Ernest Hemingway was born July 21, 1899, in Oak Park, Illinois. After graduation from high school, he moved to Kansas City, Missouri, where he worked briefly for the Kansas City Star. Failing to qualify for the United States Army because of poor eyesight, he enlisted with the American Red Cross to drive ambulances in Italy. He was severely wounded on the Austrian front on July 9, 1918. Following recuperation in a Milan hospital, he returned home and became a freelance writer for the Toronto Star.

In December of 1921, he sailed to France and joined an expatriate community of writers and artists in Paris while continuing to write for the Toronto Star. There his fiction career began in "little magazines" and small presses and led to a volume of short stories, In Our Time (1925). His novels The Sun Also Rises (1926) and A Farewell to Arms (1929) established Hemingway as the most important and influential fiction writer of his generation. His later collections of short stories and For Whom the Bell Tolls (1940) affirmed his extraordinary career while his highly publicized life gave him unrivaled celebrity as a literary figure.

Hemingway became an authority on the subjects of his art: trout fishing, bullfighting, big-game hunting, and deep-sea fishing, and the cultures of the regions in which he set his work -- France, Italy, Spain, Cuba, and Africa.

The Old Man and the Sea (1952) earned him the Pulitzer Prize and was instrumental in his being awarded the Nobel Prize in 1954. Hemingway died in Ketchum, Idaho, on July 2, 1961.

Description

Lieutenant Frederic Henry, an American assigned to a Red Cross ambulance unit in Italy, is severely wounded on the Austrian front and sent to a hospital in Milan, where he falls in love with his English nurse, Catherine Barkley. When he returns to the front, the war goes badly, and Frederic joins a retreat from Caporetto in which he barely escapes execution at the hands of Italian battle police. He deserts the army, returns to Milan, goes on to Stresa, joins now-pregnant Catherine Barkley, and avoids capture by rowing across the lake to Switzerland, where they live an idyllic life until Catherine delivers a still-born child and dies, and Frederic walks back to his hotel in the rain, alone.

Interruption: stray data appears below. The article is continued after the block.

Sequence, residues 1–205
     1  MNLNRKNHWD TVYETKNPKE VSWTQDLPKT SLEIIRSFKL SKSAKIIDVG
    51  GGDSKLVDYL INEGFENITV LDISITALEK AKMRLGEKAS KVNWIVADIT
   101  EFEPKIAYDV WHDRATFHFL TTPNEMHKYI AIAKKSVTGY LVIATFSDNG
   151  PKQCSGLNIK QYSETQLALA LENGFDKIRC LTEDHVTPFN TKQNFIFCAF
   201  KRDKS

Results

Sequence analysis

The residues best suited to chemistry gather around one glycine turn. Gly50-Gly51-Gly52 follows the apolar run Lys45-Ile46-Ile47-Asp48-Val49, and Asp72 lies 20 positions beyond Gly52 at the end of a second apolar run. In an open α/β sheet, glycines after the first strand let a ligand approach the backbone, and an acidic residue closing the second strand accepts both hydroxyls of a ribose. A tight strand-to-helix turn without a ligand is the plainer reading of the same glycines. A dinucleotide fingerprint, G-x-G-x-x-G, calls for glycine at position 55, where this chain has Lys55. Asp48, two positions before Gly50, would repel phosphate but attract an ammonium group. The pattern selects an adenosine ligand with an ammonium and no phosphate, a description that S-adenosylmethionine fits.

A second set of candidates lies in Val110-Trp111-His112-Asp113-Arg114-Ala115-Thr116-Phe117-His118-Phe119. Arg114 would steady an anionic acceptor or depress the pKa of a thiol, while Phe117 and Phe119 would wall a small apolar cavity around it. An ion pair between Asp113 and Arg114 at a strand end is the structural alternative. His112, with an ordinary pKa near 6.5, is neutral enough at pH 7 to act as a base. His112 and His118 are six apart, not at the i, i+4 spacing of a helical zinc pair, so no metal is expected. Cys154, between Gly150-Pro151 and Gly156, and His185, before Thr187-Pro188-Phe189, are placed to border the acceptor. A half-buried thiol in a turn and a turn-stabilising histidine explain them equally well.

Discussion Questions

1. How does the first chapter of A Farewell to Arms set a tone and mood which anticipate subsequent events? Why does the narrator move the reader through a change of seasons from late summer to autumn and on to winter? What are the major images in the chapter, and what is the effect of the understatement in the final sentence (p. 4)?

2. During Lt. Frederic Henry's early visits with Catherine Barkley, Catherine says as they touch each other and speak of love, "This is a rotten game we play, isn't it"? (p. 31). How should one characterize Frederic's early "love" for Catherine? What does the initial stage of their relationship reveal about the effect of the war upon their lives?

3. What perspective regarding love does the priest from Abruzzi provide, and why do officers bait him during meals? Frederic says the priest "had always known what I did not know and what, when I learned it, I was always able to forget. But I did not know that then, although I learned it later" (p. 14). Is Frederic's observation borne out in the novel?

4. Why are the Italian soldiers disillusioned with the war? How is Frederic's leap into the river to escape the battle police a symbolic demarcation in the novel? What extended meaning do we find in his statement, "It was not my show any more..."(p. 232)? Does Catherine represent for Frederic refuge, peace, and "home" in its fullest sense? How?

5. Is A Farewell to Arms "a study in doom," as it has sometimes been called? How is Frederic's recollection of the ants on the burning log relevant to questions about God and faith raised in the novel? What do you believe Frederic has learned, or perhaps become resigned to, in this novel of love and war?


After Reading the Novel

The critic Allen Tate read A Farewell to Arms in Paris in 1929 and called it a masterpiece. Fewer than three months after its publication it had sold 45,000 copies and headed many bestseller lists. Many consider it Hemingway's best novel. You may wish to look at early sketches which inspired portions of A Farewell to Arms, especially the "Miniatures" which introduce Chapters 6 and 7 of In Our Time, or at short stories which evolved from Hemingway's World War I experiences such as "In Another Country" (1927), "Now I Lay Me" (1927), and "A Way You'll Never Be" (1933), all available in The Short Stories of Ernest Hemingway. Since the rise of feminist criticism, much has been written about Hemingway's female characters, especially Catherine Barkley, whom some reject as unflatteringly submissive. There is considerable division over this issue, and the subject is worthy of exploration. A 1957 Hollywood movie version of A Farewell to Arms stars Rock Hudson and Jennifer Jones. A more recent film, loosely based upon Hemingway's war experiences in Italy, starring Chris O'Donnell and Sandra Bullock, is also available.